Deloitte Financial Advisory Services (FAS) is to refrain from offering consulting work for up to a year at certain finance firms in New York State and pay a $10m fine as part of a voluntarily agreement with the New York Department of Financial Services (DFS), which found "misconduct, violations of law, and lack of autonomy" in Deloitte’s consulting work at Standard Chartered on anti-money laundering issues.
A New York Department of Financial Services (DFS) investigation found Deloitte failed to demonstrate the necessary autonomy required of consultants performing regulatory work.
Based primarily on Standard Chartered’s objection, Deloitte had removed a recommendation aimed at rooting out money laundering from its final written report on the matter to the DFS. The recommendation discussed how wire messages or ‘cover payments’ on transactions could be manipulated by banks to evade money laundering controls on US dollar clearing activities.
Deloitte was also found to have violated New York Banking Law 36.10 by disclosing confidential information of other Deloitte clients to Standard Chartered. A senior Deloitte employee sent emails to Standard Chartered employees containing two reports on anti-money laundering issues at other Deloitte client banks. Both reports contained confidential supervisory information, which Deloitte FAS was legally barred by New York Banking Law 36.10 from disclosing to third parties.
As a result of the misconduct Deloitte has agreed to implement a set of reforms designed to help address conflicts of interest in the consulting industry. The DFS said it intends to use the reforms as a model that will govern all independent consulting firms that seek to be retained or approved by DFS. It also said the reforms could potentially serve as a template for other government agencies that retain independent consultants in regulatory work.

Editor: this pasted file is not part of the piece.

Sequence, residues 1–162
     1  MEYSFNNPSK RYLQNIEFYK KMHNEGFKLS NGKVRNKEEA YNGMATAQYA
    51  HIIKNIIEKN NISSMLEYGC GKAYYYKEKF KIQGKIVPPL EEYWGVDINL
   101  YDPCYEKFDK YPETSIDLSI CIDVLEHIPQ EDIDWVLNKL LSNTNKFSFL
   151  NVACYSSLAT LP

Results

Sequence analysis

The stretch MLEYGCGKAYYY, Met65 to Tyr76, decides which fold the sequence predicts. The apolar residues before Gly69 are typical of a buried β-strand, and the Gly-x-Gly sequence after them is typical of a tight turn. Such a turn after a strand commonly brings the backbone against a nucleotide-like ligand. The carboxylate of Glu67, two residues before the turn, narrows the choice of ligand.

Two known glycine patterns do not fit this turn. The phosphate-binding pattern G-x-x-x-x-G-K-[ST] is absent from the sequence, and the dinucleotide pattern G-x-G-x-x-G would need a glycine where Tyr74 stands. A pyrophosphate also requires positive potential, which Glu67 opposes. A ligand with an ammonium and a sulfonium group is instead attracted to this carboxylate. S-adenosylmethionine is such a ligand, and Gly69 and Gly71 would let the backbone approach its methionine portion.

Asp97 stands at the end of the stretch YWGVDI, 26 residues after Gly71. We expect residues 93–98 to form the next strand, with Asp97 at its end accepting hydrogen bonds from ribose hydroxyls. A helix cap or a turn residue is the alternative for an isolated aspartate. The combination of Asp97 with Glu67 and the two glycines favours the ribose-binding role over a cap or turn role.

New York state governor Andrew Cuomo said: "The state’s agreement with Deloitte will serve as a new model for reforming the financial services consulting industry in New York as well as across the country. When tasked by government agencies to undertake regulatory work at financial institutions, it’s critical for these consultants to remain autonomous and avoid conflicts of interest. Our homeowners, investors and economy are protected when independent consultants are truly ‘independent."
Benjamin Lawsky, DFS superintendent of financial services, said: "At times, the consulting industry has been infected by an ‘I’ll scratch your back if you scratch mine’ culture and a stunning lack of independence. Today, we are taking an important step in helping ensure that consultants are independent voices – rather than beholden to the large institutions that pay their fees. Our aggressive work investigating and reforming the consulting industry is far from over and will continue in the days, weeks, and months ahead."
In response Deloitte said: "Deloitte FAS has voluntarily entered into an agreement with the New York Department of Financial Services that resolves DFS’ inquiry into Deloitte FAS’ role in the 2004-2005 Standard Chartered Bank matter.
We are pleased that, as the agreement states, a thorough investigation by DFS found no evidence that Deloitte FAS knew of, or aided, abetted or concealed any alleged violation of law by SCB."
The statement also drew attention to the fact that the agreement did not affect the engagement of any entity other than Deloitte FAS, and that the agreement and its terms were not a reflection of any other practises of Deloitte-affiliated entities.
Deloitte also added it is only refraining from independent consultant engagements which require DFS approval for a period of six to 12 months. Adding that the majority of work carried out by Deloitte FAS does not require DFS approval.